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Illinois Pregnancy Protections Expanded
On August 26, 2014, Illinois Governor Pat Quinn signed into law House Bill 8 (HB8) that amends the Illinois Human Rights Act (IHRA) by placing “new obligations on employers” with regard to their pregnant employees. While the law will not take effect until January 1, 2015, employers should be cognizant of the new obligations imposed upon them.
As most readers will remember, the IHRA had long standing prohibitions on employment discrimination “on the basis of pregnancy” (775 ILCS 5/2-102(H) and (I)). It is also well known that pregnancy by itself does not qualify as a disability under the Americans with Disabilities Act (ADA) and, therefore, an employer does not need to provide any reasonable accommodation to a woman based solely on her pregnancy. These facts raise questions in the mind of the author as to why Governor Quinn and the Illinois State Legislature are in such a rush to provide these modifications. It is even more curious since the Supreme Court will hear in the fall term the case of Young v. United Parcel Service, Inc., which will provide needed guidance on pregnancy and disability issues.
Regardless of the above facts, the IHRA has now been amended to provide not only the pregnancy protections previously under the Act, but also an entire new section (775 ILCS 5/2-102(J)) that requires what are called “reasonable accommodations.”
The “reasonable accommodations” will have to be provided to women on account of pregnancy, childbirth, or medical or common conditions related to pregnancy or childbirth. Essentially, employers will have to treat pregnancy and pregnancy-related conditions like they treat any other disability under the confines of the ADA. These reasonable accommodations must be made to a pregnant applicant or employee, whether that employee is full-time, part-time, or probationary. The term “reasonable accommodations” means any reasonable modifications or adjustments to the job application process or to the work environment or to the manner or circumstances under which the position is performed. The Bill also provides a “non-exclusive list of reasonable accommodations” which includes:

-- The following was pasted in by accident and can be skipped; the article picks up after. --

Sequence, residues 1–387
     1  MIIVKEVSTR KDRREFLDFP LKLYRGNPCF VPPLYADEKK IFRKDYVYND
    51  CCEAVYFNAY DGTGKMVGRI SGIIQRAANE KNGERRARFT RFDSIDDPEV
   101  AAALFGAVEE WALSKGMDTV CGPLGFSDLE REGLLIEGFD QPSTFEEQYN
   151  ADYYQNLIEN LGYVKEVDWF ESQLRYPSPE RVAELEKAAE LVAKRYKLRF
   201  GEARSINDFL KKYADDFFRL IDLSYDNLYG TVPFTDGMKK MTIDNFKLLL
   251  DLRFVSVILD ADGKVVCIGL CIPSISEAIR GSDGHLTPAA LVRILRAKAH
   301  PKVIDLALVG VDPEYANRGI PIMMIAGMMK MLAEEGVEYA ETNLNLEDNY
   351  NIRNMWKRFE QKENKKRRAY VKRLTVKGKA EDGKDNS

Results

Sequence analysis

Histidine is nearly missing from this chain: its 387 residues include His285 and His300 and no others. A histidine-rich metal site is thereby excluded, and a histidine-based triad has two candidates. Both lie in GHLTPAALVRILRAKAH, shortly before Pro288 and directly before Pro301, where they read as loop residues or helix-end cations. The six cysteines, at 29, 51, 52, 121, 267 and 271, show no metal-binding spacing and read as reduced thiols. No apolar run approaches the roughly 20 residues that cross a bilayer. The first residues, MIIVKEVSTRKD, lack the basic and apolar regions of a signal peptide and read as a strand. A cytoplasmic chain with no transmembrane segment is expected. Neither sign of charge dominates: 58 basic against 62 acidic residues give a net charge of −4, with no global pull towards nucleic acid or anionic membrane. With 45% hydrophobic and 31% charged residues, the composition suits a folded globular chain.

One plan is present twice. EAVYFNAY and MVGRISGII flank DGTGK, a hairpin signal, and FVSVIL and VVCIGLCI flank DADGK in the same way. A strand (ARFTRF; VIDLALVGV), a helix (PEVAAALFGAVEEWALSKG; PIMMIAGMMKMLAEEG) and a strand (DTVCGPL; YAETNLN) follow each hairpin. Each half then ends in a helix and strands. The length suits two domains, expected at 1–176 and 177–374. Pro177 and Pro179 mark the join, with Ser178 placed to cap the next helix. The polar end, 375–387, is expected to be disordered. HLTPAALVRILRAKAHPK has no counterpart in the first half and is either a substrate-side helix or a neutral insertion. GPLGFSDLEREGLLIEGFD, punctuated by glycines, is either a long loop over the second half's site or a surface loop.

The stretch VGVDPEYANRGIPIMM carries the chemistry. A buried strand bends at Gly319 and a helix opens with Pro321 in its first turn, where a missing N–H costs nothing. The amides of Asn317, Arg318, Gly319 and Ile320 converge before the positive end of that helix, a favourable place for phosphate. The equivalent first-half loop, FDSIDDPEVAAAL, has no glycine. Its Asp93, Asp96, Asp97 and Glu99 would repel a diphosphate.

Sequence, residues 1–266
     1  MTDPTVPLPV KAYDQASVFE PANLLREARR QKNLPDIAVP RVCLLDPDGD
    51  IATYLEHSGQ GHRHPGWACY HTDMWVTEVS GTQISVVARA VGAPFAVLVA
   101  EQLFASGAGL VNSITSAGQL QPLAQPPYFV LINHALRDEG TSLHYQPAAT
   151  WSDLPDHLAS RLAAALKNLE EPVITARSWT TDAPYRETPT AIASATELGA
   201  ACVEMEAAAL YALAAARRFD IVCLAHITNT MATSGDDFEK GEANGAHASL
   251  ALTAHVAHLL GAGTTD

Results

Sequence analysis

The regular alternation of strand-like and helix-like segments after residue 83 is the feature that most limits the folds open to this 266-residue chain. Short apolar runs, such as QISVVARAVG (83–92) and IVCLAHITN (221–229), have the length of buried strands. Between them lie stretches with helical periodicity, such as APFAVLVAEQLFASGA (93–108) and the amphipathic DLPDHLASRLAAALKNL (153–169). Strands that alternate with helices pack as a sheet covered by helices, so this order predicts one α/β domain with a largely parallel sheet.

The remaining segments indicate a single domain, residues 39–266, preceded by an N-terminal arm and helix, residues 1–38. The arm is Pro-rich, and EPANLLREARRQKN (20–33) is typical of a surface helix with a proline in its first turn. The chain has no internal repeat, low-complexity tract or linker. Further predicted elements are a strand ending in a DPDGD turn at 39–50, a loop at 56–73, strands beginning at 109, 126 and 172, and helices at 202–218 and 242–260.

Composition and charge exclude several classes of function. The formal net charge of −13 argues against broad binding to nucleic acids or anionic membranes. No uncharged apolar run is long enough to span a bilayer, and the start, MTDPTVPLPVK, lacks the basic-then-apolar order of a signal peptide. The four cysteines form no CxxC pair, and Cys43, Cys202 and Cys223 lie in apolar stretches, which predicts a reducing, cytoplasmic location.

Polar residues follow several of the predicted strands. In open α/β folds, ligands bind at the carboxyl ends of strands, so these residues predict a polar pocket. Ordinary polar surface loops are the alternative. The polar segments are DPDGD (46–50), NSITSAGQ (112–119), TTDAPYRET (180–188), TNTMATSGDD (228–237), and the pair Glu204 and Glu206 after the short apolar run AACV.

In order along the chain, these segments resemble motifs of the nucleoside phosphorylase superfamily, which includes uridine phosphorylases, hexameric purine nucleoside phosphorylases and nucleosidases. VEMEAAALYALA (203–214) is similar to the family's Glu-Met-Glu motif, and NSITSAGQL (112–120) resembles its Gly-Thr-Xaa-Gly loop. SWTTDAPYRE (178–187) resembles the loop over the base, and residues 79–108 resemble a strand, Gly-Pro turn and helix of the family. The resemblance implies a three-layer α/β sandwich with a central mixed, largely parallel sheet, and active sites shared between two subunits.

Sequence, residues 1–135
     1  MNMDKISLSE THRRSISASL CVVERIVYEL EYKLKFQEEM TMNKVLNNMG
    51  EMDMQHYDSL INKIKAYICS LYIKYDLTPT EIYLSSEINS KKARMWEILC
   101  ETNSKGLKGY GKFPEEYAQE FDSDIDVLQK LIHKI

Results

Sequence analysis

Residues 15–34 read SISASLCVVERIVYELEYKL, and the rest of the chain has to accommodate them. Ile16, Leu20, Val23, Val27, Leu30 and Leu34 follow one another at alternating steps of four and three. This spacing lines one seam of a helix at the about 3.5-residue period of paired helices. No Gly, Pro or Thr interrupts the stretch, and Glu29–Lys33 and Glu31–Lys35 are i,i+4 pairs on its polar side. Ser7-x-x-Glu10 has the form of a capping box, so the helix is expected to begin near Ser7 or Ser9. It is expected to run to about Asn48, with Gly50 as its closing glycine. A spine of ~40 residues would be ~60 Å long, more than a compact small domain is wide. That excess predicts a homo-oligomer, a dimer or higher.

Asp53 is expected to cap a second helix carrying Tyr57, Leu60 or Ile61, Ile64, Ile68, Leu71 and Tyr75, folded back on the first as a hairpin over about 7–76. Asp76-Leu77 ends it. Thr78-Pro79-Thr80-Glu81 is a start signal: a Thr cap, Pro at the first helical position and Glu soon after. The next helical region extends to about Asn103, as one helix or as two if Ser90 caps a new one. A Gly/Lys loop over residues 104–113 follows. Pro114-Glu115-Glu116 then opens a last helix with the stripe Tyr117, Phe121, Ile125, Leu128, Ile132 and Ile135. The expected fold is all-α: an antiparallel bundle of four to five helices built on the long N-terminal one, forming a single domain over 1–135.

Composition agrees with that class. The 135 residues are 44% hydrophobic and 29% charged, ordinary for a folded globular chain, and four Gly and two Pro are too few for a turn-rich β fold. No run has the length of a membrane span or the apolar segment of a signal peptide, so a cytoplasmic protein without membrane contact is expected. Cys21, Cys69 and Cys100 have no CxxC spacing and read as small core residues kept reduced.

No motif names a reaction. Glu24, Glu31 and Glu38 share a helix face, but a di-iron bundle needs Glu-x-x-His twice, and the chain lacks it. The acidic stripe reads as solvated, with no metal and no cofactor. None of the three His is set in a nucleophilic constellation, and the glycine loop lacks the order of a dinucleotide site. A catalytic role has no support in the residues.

- More frequent or longer rest breaks.
- Private non-bathroom space for breastfeeding and related activities such as pumping milk.
- Reasonable and provided seating.
- Assistance with manual labor.
- Modification or adjustment of equipment.
- Temporary transfer to less strenuous or hazardous position.
- Reassignment to a vacant position.
- Job restructuring.
- Light duty or part-time modified work schedule.
- Time off to recover from conditions related to childbirth.
- Leave necessitated by pregnancy, childbirth or medical or common conditions related to pregnancy or childbirth.
If, in fact, leave is afforded as some form of reasonable accommodation, the employee must be guaranteed to be reinstated to her original position or to an equivalent position with pay seniority, retirement, and fringe benefits. It is quite probable that based on the “medical conditions” that this type of leave for pregnancy could extend beyond what is required under the Family Medical Leave Act (FMLA) and the twelve (12) week limitations.
Employers may require medical documentation from the healthcare provider with regard to the need for a reasonable accommodation and employers must engage in the interactive process with the involved employee with regard to providing the proposed accommodations.
Obviously, this law, since it will apply to all employers having one (1) or more employees, will have a major impact on work conditions and day-to-day actions taken in any employment setting. How this law will square with any future Supreme Court decision is anyone’s guess, but I am quite certain that the “legal skills” of Quinn, Madigan, and Cullerton are not on the same level as the “Supremes.” Regardless, the wise employer will begin the analysis to deal with this legislation because any Supreme Court decision, at its earliest, is some time in the latter part of calendar 2015.
Questions? Contact Walter J. Liszka in the Chicago office at email@example.com or by phone at (312) 629-9300.
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